The 2013 Hall of Fame inductees will be honored during PR News ’ PR Measurement Conference, which takes place May 15 at the National Press Club, in Washington, D.C.
For a primer on the conference we spoke with several of this year’s inductees to get their take on where the pendulum is swinging on PR measurement.
PR News: What are some of the major trends in PR measurement right now?
Mark Weiner: The biggest trend is what I call ‘the second wave’ of social media listening, engagement and analytics. The first wave was driven by indiscriminate, real-time content gathering, which led to cascades of irrelevant content and inaccurate data. Unfortunately, the first wave is marked by automation that is too literal in its thinking and unable to uncover context or to recognize human intentions.
The second wave marries the speed and consistency of automation with the understanding and insights only humans provide. The challenge of the second wave is exacerbated by the need for “small data” to drive “big data” (itself a major trend in business generally). “Big data” seeks to correlate a variety of data streams to uncover opportunities for better business decision-making. In this case, PR or social media data may reveal opportunities for product development or customer service.
David Michaelson: The primary trend in measurement today is the movement to create standard measures for public relations activities. This is a critical effort that will hopefully result in the ability to create comparative measures for all stages of the public-relations process, from outputs to outcomes to outtakes.
Donald K. Wright: Probably the biggest trend is the movement to convince PR practitioners to measure. Research I’ve conducted each year since 2005 clearly shows there is not nearly enough measurement taking place in our field and, unfortunately, when practitioners do measure, it often involves use of AVEs and/or mainly measures of communications outputs (instead of outcomes).
PR News: What are the biggest misconceptions about PR measurement?
Jim Fetig: In the early days, the C-suite thought it was all smoke and mirrors. We had to walk them through the methodology to establish credibility.
Also, without extensive surveys, there are many things that can’t be measured with media metrics. Audience attitudes themselves and the degree of sentiment such as brand affinity are among things that can’t be measured.
Diane Lennox: AVEs (ad value equivalency). Let’s make them go away. Even the most advanced vendors of measurement tools and services—the ones sitting on the Barcelona panels, who shouted that AVEs must die—still offer it to clients who insist.
It simply makes no sense to compare ad space with media coverage without taking into account the content, let alone the fact that the dollar figures from rate cards are rarely applied in reality. It’s not just inaccurate, it allows agencies to actually inflate their value by applying a high dollar figure to the ad space and then co-opting for PR. I’ve heard one expert call it the biggest lie in PR.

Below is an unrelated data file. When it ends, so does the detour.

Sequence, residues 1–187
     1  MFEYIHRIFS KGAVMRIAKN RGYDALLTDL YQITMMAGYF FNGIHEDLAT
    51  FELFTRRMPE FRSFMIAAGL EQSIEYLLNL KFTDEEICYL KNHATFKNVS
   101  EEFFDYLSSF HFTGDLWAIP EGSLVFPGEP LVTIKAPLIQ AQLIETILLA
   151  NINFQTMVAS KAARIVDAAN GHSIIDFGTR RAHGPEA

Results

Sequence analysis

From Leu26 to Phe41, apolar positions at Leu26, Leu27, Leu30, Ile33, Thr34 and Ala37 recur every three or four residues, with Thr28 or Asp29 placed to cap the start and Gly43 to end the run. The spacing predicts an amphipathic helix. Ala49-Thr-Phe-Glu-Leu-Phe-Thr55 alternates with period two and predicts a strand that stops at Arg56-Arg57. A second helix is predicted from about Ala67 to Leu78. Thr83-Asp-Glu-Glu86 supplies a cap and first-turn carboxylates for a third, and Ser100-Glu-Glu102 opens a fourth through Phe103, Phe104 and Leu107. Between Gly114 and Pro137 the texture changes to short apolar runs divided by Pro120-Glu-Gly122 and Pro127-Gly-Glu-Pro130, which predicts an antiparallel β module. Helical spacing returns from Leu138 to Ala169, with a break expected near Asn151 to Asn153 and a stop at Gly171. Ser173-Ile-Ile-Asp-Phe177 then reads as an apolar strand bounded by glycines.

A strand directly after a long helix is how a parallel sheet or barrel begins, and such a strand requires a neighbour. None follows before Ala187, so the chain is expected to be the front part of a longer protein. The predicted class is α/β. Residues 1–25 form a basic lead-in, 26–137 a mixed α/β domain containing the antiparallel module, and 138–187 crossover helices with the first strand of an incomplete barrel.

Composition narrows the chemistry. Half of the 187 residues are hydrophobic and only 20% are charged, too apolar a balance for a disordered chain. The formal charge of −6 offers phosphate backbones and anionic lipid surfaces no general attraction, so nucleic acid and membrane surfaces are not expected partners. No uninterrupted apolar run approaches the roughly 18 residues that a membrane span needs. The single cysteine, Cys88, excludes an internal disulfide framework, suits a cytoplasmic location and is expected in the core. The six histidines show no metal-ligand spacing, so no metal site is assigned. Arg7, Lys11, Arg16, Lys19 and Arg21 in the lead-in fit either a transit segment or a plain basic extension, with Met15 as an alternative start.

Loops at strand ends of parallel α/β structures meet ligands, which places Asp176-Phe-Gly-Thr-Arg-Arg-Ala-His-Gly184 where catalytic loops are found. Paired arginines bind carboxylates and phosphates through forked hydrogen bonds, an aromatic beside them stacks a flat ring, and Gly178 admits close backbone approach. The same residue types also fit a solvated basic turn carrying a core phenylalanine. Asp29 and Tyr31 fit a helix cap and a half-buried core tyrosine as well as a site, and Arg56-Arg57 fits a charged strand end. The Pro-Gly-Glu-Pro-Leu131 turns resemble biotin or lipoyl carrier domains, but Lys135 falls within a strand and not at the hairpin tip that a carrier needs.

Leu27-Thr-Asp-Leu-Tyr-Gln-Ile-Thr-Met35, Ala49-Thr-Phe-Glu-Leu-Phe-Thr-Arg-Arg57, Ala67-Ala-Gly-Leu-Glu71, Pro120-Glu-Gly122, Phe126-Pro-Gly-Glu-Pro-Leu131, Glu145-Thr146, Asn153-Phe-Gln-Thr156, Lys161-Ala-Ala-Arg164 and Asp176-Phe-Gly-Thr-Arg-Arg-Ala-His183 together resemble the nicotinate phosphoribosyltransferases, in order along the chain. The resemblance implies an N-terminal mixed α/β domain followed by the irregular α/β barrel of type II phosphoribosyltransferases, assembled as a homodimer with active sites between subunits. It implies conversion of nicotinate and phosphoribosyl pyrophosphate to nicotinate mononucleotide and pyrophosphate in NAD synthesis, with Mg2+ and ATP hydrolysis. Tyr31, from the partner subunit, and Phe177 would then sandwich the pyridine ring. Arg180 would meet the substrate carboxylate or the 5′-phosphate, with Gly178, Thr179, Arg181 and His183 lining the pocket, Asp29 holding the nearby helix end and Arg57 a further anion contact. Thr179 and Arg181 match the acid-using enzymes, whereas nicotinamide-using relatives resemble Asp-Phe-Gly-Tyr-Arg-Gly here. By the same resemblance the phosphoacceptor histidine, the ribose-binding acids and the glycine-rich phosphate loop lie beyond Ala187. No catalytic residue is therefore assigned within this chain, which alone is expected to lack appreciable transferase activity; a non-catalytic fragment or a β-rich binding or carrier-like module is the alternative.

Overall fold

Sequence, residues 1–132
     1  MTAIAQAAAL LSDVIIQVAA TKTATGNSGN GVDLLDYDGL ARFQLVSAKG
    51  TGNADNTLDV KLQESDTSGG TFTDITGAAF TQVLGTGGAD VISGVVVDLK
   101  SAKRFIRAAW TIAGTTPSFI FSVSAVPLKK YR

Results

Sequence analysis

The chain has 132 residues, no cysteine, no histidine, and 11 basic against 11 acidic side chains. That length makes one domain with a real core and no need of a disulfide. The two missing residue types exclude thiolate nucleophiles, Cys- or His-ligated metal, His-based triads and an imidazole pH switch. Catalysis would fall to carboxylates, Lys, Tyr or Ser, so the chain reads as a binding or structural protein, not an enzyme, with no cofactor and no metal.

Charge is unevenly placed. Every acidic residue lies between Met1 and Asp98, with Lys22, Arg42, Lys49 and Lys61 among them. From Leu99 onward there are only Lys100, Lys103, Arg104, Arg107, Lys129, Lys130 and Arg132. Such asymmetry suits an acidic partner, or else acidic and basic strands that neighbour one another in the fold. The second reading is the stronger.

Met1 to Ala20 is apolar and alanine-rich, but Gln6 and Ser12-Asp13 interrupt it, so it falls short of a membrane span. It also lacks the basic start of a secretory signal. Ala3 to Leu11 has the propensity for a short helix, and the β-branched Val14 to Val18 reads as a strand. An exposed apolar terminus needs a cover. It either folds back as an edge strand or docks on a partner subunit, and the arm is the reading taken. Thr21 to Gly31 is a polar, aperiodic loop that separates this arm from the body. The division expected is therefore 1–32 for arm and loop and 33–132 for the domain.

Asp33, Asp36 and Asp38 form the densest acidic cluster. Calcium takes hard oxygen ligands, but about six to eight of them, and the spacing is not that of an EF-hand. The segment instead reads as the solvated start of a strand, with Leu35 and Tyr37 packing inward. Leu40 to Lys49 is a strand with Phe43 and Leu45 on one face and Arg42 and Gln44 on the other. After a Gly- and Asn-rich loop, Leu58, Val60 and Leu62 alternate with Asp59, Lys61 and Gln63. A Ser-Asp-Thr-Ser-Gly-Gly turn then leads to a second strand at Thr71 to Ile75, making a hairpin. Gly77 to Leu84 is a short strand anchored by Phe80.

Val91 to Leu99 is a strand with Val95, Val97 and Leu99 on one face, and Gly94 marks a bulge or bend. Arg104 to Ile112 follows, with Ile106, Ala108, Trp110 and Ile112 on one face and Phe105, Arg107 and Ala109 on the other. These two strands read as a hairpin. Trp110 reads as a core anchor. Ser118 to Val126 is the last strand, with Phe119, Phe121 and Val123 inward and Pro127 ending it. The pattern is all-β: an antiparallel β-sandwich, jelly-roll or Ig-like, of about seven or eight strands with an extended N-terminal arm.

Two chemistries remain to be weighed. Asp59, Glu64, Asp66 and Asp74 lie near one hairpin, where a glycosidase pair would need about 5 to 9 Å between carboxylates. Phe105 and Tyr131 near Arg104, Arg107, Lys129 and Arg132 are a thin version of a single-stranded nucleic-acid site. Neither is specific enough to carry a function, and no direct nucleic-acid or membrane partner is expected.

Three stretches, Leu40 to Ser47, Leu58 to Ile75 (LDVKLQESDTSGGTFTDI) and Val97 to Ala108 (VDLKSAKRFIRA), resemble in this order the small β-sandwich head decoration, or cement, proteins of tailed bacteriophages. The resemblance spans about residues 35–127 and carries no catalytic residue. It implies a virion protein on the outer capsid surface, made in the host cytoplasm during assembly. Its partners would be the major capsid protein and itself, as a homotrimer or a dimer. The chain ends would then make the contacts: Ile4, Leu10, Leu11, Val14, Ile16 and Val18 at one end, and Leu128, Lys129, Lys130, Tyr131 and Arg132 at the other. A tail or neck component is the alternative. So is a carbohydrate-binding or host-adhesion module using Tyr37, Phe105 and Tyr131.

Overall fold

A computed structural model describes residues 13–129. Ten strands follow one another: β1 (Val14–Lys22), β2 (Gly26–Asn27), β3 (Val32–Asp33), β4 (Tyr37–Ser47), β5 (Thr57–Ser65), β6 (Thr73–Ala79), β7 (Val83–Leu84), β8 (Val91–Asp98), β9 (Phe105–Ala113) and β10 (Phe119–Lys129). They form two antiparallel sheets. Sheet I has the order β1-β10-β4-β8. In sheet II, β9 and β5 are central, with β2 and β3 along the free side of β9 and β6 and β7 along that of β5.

PR News: PR pros are inundated with measurement tools these days. How do they know which ones to deploy and which ones to forego?
Fetig: You can be a bleeding-edge type or a fast follower. I prefer the latter, so that I can hang back a bit and find out what works before jumping in. It saves time and money. I once was told that we needed to be involved in Second Life at a cost of nearly $1 million. I waited and was glad I did.
Lennox: The tool will always depend on what you are trying to measure, as well as your tolerance for error. If your goal is to monitor your reputation across a wide range of traditional and social media, you may need to look at some of the more sophisticated services that offer a hybrid approach that blends automated and human coding.
PR News: What are the most effective ways that PR pros can measure the use of social channels, particularly when it comes to demonstrating their value to the C-suite?
Lennox: It depends on what you’re trying to accomplish. If you set a clear objective that is achievable, measurable, and aligns with the goals of your organization—a tall order, perhaps—the measurement approach should define itself. Social channels, like any media, have strengths and weaknesses. Some have their own measurement built in.
Wright: Although social channels are more difficult to measure than traditional media (newspapers, radio, TV, etc.), the industry has to move in that direction because, quite frankly, that’s how people are communicating today. Unfortunately, most measurement budgets are not large enough to permit effective measurement of social and other emerging media.
PR News: Looking a bit into the future, will PR pros have to be quasi accountants/analytics experts to get a handle on PR measurement?
Michaelson: Absolutely not, Measurement provides guidance, but is not a substitute for solid communication skills, great insights, solid instincts and expertise.
Weiner: Just as the current scope of PR allows for a mix of specialties including investor relations, and government affairs at agencies, corporations, NGOs, it also provides a niche for a small group of public-relations researchers and consultants.
While this tiny subset may constitute a population of less than one-half of one-percent of the profession, the future promises an emerging specialty group devoted to the science of public relations. PRN(Get the latest best practices in PR measurement and their real-world applications at PR News’ PR Measurement Conference. To register for the event, please go to prnewsonline.com/prmeasurementconference2013.)
PR News’ 2013 Measurement Hall of Fame Inductees
Relations (recently retired)
Corporation for National and Community Service
PR Services Manager
Chief Marketing Officer, News Group
Chairman & Founder, Salience/KDPaine & Partners
Donald K. Wright
Harold Burson Professor and Chair in Public Relations
Boston University’s College of Communication